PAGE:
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I would like to use "luxury of knowing" phrase. I searched for its meaning in internet. It seems that it is used in a song Lori McKenna – The Luxury of Knowing and a movie A Few Good Men

Lori McKenna Song:

Turns to ice and your whole world just starts snowing
And I don’t have the luxury of knowing

A few Good Men uses following:

You have the luxury of not knowing what I know:
that Santiago's death, while tragic, probably saved lives.

Is following usage is correct in meaning?

We do not have this luxury of always knowing true answer in XXX domain.

What I mean is sometimes we know an answer, and sometimes we do not, but always knowing an answer in this domain is a privilege or luxury.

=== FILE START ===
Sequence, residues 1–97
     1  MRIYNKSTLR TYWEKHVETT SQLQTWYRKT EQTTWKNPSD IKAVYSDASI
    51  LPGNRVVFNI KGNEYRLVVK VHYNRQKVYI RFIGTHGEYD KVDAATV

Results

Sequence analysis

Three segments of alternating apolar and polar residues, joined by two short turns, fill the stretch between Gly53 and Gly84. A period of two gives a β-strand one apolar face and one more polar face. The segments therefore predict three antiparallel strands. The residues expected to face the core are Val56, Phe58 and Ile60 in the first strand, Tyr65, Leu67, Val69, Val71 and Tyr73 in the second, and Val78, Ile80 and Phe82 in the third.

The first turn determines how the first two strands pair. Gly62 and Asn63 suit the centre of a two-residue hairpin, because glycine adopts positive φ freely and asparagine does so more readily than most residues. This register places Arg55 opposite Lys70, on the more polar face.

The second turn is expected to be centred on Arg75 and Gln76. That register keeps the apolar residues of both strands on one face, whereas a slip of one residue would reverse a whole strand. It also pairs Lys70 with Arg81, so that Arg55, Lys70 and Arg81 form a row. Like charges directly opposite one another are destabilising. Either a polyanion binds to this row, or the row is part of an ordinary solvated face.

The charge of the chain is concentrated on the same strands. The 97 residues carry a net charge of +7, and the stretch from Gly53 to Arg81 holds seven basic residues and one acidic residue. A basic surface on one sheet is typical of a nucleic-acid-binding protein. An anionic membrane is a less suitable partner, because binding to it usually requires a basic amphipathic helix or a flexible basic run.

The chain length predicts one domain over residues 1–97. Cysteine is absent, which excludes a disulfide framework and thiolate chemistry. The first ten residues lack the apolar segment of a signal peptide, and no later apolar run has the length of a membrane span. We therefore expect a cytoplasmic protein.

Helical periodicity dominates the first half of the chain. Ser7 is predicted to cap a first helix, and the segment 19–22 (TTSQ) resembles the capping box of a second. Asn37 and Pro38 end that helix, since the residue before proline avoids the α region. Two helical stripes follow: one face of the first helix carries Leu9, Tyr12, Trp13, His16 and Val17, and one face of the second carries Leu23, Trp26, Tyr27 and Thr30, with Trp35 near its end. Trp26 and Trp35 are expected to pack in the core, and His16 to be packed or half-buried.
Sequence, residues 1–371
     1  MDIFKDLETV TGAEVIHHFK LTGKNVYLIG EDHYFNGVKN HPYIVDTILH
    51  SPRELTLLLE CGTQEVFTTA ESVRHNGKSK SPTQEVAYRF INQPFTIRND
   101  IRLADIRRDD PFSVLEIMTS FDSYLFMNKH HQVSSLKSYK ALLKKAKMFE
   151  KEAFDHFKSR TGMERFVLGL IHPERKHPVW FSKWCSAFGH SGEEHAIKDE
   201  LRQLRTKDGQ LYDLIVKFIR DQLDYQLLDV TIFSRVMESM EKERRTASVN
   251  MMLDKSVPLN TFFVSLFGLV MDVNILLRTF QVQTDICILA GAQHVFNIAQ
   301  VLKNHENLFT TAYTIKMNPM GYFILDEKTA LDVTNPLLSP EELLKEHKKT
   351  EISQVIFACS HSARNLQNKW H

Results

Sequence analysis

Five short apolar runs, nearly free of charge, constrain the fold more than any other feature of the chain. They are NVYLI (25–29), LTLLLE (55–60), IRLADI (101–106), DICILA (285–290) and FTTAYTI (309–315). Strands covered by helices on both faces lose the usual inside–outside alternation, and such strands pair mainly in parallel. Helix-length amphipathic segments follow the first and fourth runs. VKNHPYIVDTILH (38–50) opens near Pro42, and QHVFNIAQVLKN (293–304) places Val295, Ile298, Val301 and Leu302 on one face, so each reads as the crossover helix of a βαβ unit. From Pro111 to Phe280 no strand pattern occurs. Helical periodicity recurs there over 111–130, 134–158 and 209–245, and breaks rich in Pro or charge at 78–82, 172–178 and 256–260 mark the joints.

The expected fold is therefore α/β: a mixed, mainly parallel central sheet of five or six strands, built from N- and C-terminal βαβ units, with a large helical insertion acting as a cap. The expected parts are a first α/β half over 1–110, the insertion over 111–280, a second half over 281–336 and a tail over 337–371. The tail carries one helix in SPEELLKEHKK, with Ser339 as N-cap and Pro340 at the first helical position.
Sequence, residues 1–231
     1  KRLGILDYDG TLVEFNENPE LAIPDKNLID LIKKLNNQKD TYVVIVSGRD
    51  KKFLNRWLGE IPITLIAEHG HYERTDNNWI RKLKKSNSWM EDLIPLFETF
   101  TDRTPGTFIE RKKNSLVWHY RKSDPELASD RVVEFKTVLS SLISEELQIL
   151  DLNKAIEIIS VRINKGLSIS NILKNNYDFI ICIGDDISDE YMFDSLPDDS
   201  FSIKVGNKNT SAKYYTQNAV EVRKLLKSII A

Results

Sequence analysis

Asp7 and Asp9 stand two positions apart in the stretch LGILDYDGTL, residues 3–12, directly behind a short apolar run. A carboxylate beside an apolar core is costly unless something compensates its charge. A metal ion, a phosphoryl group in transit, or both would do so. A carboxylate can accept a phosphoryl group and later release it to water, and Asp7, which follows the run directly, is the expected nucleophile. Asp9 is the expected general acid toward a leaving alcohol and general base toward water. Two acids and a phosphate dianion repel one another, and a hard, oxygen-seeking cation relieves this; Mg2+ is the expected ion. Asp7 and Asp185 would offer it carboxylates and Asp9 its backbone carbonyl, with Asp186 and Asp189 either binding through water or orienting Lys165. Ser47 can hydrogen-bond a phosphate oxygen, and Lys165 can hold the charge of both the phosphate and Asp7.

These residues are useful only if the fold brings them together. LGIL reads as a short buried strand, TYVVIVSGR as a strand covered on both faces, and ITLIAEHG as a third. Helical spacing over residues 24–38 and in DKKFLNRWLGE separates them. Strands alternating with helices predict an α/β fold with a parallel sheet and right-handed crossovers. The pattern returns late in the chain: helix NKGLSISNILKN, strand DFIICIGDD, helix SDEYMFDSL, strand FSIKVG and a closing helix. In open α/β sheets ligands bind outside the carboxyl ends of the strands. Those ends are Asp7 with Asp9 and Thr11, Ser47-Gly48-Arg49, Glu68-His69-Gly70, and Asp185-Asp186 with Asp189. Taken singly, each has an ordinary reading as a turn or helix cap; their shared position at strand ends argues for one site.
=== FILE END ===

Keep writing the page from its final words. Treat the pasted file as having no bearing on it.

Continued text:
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up vote 7 down vote accepted

I would say the luxury, not this luxury, and I'd put an article before the name of the domain. I'd probably move the word always as well:

We don't always have the luxury of knowing the answer in the XXX domain.

That sounds more natural to me, although it's hard to say for certain without any additional context given. If I saw the entire paragraph, instead of a solitary sentence, I might alter my answer somewhat.

Incidentally, I thought the expression true answer seemed redundant in the original sentence, so I removed the word true.

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Agreed - "this luxury" makes it sound like you're talking about some specific luxury, whereas "the luxury of..." is more of an idiomatic phrase. –  Lynn Nov 7 '12 at 7:36
    
Nice answer +1. –  Noah Nov 7 '12 at 9:10
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